En EspaŅol

Q. Who is Mr. Smarty Plants?

A: There are those who suspect Wildflower Center volunteers are the culpable and capable culprits. Yet, others think staff members play some, albeit small, role. You can torture us with your plant questions, but we will never reveal the Green Guru's secret identity.

Help us grow by giving to the Plant Database Fund or by becoming a member

Did you know you can access the Native Plant Information Network with your web-enabled smartphone?

Share

Ask Mr. Smarty Plants

Ask Mr. Smarty Plants is a free service provided by the staff and volunteers at the Lady Bird Johnson Wildflower Center.

Search Smarty Plants
    
 
See a list of all Smarty Plants questions
Can't find the answer in our existing FAQs, submit a question to Mr. Smarty Plants.
Need help with plant identification, visit the plant identification page.
 
rate this answer
Not Yet Rated

Sunday - April 11, 2010

From: Georgetown, TX
Region: Southwest
Topic: Diseases and Disorders, Planting, Transplants, Trees
Title: Why isn't my recently planted Mexican Redbud growing in Georgetown, TX?
Answered by: Jimmy Mills

QUESTION:

I planted a container-grown Mexican Redbud in early March. As of April 5th, it is showing no signs of buds or leaves. Other redbuds in the area (possibly Texas redbuds) have been blooming for several weeks. Is this species later blooming? Should I take it back to the nursery or wait a few more weeks?

ANSWER:

Mr. Smarty Plants thinks that your Mexican Redbud Cercis canadensis var. mexicana  is suffering from transplant shock. Speaking anthropomorphically, you and the tree are at cross-purposes; while you are anxiously awaiting buds and leaves, the tree is more concerned about establishing its root system so that it can support those buds and leaves. You can satisfy yourself that the plant is still alive by employing the thumb nail test; starting at the top of the tree, scratch a small area of the bark with your thumbnail to see if there is green tissue below the bark. If there isn't, move down the stem a little and try again. If you find no green tissue as you move down the stem, its time to go back to the nursery.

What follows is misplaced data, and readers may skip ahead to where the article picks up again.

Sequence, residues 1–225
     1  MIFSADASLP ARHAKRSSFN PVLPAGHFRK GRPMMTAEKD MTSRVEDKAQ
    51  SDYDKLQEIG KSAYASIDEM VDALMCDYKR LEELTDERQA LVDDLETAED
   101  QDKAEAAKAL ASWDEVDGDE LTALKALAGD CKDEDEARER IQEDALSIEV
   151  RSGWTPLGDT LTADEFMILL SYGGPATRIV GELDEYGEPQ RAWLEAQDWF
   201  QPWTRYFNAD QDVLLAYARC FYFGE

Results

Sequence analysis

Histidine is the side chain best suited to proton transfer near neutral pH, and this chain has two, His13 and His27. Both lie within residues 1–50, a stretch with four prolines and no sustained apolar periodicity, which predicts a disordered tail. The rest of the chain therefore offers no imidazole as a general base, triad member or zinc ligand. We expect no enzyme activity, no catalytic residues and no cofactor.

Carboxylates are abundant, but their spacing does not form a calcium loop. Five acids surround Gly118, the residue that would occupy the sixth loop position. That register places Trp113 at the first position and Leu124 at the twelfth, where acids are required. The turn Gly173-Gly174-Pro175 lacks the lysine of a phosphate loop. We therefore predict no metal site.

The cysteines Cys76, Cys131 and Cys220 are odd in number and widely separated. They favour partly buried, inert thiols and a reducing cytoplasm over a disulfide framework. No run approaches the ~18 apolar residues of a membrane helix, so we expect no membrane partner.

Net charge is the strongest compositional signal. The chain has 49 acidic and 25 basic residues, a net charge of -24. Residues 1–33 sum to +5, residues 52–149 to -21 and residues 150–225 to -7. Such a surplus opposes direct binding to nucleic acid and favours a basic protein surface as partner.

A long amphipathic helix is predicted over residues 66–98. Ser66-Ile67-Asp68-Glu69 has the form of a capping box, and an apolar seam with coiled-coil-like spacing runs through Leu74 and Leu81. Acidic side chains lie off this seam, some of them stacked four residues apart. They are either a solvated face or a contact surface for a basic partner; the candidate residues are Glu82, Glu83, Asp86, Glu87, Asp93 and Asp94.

I've included two websites that thoroughly cover tree planting and transplant shock: one is from the University of Kentucky and the other is from treesaregood.org.

This may not be relevant, but if you compare the USDA's County Distribution maps for Mexican Redbud and Texas Redbud, you notice that the Mexican Redbud's not from around here.


Cercis canadensis var. mexicana

Cercis canadensis var. texensis

 

 

 

 

 

 

More Trees Questions

What will grow under a magnolia in Houston?
May 21, 2010 - What will grow under a magnolia tree in Houston? The area is shade and partly sunny.
view the full question and answer

Live Christmas tree in Katy, TX
March 16, 2010 - My husband is really bent towards having a live "Christmas tree" in the front yard. I hate to use anything non-native so I am looking for a native Texas juniper shrub or a small tree that can be tri...
view the full question and answer

Mediterranean Pines indigenous to Verde Valley AZ
January 01, 2012 - Are the tall, thin Mediterranean/Pencil Pines growing in the Verde Valley in Arizona indigenous to the area? They are so plentiful, but are not identified as an indigenous evergreen. If not, how did...
view the full question and answer

Transplanting hackberry trees in Texas
September 17, 2008 - I live N of Ft Worth,Tx is there a trick to digging up & transplanting hackberry trees?
view the full question and answer

Revegetating a hillside in western Washington state
October 10, 2012 - Removing several downed trees across my dock demolished the native plants growing on the hillside and the contractor pulled out their remains. The area faces east on an open freshwater bay. Close to...
view the full question and answer

Smarty Plants's Facebook profile Support the Wildflower Center by Donating Online or Becoming a Member today.

Mr. Smarty Plants wants you to be his Facebook friend. Click the Facebook icon to add yourself to Mr. Smarty Plants list of friends.
E-NEWSLETTER | BECOME A MEMBER | DONATE NOW | MEDIA | SITEMAP
© 2014 Lady Bird Johnson Wildflower Center